Back in the Habit

A few weeks ago, I fell into a massive black hole of suck. I’ve had down days here and there, but this was the first time in really long time that I was scraping the bottom of the emotional barrel for no discernible reason. It was the kind of bad that made me bribe myself with take away coffee and overpriced pastries in order to get myself to go work. And once I got home, I could not pry myself off the couch. Continue reading “Back in the Habit”

Hello, again!

Hello, neighbor-ino!

DSCF8551

It hasn’t been too long, but still long enough that I feel the need to apologise for the radio silence – but keep your pants on, as all will be explained.

How was your April – May? Ours was pretty exciting. Heaps has happened and is continuing to happen, all of which really deserves their own posts. And by George I’m going to write about them. (Finally. Promise!) So here’s a quick bullet point catch up of what to expect over the next few entries.

  • WINTER – We’ve officially been in winter since June 1. ok so this is not really that exciting, but I’m not waking up sweating anymore and that is just the greatest!
  • ANNIVERSARY – 5 years with Joel!
  • VISA – granted!
  • APARTMENT – pairing down and redecorating!
  • HAIR – blonde!
  • FOOD – good eats and some really terrible eats!
  • WRITING – developments!
  • SELF IMPROVEMENT – happening!
  • SAD THINGS – because there’s always a black dog lurking around!

Stay tuned, you smart, charming, beautifully patient people.

xoxo,
Aud

Wentworth Weekend

My favourite neuroscientist/life coach Josien was in town this weekend, house sitting at one of my dream houses in Wentworth Falls in the Blue Mountains. She invited me up for the weekend, and I was all HELL YAS. And after a 1.5 hour train ride on Friday night, I was there. Continue reading “Wentworth Weekend”

Anzac Biscuits: an introduction

Today was Anzac Day, and I made Anzac biscuits for the first time. So on today’s adventure, you get a history lesson and a recipe for some delicious sweet treats. Yay! Continue reading “Anzac Biscuits: an introduction”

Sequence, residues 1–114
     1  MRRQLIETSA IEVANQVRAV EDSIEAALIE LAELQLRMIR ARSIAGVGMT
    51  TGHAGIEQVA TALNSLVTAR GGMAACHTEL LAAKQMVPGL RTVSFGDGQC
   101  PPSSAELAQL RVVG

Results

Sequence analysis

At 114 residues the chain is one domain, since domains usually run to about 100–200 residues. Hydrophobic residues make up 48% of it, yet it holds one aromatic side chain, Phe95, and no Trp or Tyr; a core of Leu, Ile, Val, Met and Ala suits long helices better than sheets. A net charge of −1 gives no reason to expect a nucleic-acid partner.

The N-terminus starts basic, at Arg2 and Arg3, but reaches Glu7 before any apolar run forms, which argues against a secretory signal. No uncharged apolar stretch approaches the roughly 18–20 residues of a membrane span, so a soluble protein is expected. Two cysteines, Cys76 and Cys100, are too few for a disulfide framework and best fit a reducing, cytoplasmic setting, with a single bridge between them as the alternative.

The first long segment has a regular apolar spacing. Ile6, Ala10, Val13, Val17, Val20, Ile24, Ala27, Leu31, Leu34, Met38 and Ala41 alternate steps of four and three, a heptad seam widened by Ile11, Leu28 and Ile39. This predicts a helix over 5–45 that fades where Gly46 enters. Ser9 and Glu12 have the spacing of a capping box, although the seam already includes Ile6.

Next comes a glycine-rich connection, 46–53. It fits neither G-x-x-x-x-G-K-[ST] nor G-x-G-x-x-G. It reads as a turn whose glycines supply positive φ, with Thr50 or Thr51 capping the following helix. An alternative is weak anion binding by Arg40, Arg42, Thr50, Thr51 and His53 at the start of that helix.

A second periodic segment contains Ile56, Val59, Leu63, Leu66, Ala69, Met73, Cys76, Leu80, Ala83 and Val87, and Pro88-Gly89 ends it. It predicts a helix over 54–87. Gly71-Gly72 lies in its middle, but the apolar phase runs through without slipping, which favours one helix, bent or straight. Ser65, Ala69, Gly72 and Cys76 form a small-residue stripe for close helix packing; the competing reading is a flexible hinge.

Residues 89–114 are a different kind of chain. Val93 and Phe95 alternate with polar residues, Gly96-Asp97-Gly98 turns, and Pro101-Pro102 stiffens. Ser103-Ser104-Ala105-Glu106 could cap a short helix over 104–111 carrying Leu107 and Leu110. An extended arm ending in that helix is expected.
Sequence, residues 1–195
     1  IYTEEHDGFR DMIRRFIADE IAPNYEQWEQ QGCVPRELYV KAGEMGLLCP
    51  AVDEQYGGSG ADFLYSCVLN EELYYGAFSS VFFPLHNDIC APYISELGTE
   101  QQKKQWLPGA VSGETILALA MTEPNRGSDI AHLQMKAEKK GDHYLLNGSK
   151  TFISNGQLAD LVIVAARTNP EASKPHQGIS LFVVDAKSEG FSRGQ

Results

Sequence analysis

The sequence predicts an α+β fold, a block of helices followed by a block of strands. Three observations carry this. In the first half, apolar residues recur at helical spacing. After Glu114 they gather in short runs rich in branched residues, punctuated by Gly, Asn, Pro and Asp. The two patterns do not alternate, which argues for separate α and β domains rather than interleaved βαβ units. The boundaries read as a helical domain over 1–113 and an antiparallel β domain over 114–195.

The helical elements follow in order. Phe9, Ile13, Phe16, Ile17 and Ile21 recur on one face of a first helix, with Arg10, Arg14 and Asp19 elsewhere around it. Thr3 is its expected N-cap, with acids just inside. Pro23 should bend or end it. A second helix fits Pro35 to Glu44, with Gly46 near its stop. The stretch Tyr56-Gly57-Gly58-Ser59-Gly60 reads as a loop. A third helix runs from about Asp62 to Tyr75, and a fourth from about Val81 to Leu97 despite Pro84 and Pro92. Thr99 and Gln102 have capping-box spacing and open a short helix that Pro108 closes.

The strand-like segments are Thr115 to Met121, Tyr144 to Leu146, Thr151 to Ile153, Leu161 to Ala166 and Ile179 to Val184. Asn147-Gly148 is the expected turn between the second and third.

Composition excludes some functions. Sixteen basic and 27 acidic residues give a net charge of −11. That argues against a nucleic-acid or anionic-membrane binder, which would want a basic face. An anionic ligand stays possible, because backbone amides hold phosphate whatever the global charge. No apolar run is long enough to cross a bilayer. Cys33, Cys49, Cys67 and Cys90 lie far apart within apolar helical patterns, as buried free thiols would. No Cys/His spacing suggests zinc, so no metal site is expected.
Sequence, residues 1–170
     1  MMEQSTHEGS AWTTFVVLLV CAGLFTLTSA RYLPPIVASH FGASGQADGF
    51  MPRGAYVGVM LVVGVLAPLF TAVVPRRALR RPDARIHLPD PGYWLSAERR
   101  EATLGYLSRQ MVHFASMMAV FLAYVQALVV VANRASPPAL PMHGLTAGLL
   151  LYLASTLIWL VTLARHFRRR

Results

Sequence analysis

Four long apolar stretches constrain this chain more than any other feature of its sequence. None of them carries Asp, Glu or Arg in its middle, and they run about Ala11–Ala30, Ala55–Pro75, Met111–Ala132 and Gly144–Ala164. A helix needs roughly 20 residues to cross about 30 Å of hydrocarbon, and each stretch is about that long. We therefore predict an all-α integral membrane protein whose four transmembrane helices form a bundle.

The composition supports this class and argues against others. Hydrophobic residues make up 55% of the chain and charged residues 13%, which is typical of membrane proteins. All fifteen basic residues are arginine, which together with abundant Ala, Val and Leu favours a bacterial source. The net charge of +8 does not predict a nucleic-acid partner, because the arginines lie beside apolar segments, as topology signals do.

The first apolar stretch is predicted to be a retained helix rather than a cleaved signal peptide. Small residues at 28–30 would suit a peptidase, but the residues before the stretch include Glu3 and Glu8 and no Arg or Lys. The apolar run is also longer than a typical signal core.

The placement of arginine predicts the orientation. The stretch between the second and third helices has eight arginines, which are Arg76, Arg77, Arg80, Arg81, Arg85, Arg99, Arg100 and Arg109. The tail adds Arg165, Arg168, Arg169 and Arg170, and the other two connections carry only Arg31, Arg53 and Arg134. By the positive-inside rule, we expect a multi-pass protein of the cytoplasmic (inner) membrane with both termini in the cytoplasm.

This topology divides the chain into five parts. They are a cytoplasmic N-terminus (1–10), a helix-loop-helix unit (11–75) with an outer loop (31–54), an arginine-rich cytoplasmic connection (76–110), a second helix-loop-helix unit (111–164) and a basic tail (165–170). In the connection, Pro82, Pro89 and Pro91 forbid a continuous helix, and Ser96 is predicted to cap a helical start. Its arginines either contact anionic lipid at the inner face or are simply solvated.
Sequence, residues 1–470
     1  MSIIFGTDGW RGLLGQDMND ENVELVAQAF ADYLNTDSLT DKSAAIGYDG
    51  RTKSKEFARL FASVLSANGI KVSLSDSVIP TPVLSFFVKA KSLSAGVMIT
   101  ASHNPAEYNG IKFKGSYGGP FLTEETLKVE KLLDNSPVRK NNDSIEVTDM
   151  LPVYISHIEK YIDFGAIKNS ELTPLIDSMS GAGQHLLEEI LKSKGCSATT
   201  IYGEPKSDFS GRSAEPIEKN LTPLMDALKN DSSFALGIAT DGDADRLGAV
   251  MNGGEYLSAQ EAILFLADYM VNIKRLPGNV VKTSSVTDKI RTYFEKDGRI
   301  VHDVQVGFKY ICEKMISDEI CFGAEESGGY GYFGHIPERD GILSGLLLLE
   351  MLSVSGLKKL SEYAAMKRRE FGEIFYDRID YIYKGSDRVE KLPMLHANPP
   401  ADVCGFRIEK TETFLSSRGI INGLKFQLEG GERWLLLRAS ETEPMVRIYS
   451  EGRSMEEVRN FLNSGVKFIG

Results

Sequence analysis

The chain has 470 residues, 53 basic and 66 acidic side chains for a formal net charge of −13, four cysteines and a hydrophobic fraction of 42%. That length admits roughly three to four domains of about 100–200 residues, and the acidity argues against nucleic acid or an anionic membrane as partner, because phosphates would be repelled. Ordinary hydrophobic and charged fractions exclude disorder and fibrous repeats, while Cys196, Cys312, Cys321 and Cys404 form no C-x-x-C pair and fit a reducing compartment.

Comparison is the Thief of Joy and other lessons I should have learned by now

Me comparing myself to strangers is nothing new.

When I was a kid, I became obsessed with characters in movies, books, and TV. And when I was old enough to realise they weren’t real people, I became obsessed with the actors who portrayed them. And once I was old enough to realise they weren’t real people, I… uh, yeah. I was still obsessed with them. When I was about 10 or 11, I discovered my mom’s high school year books, and became fixated with people in the pages, imagining what their lives were like, giving them back stories and pairing them off. I loved other people’s photo albums, other people’s year books, for the same reasons. And when I became a young adult and blogs and social media became not just A thing but THE thing, it was like realtime photo albums and year books – but for real people. Seemingly real people in my stratosphere.

I just liked learning about other people’s lives. And what came along with that, rather insidiously, was endless comparison. What me and my life looked like stacked against every one else’s.

You guys, I’m in my 30’s now and nothing about the above has changed. In fact, it’s only gotten worse. Thanks to social media, I’m always often distracted by Other People’s Lives to the point where it’s detrimental to my own sense of self (says my therapist).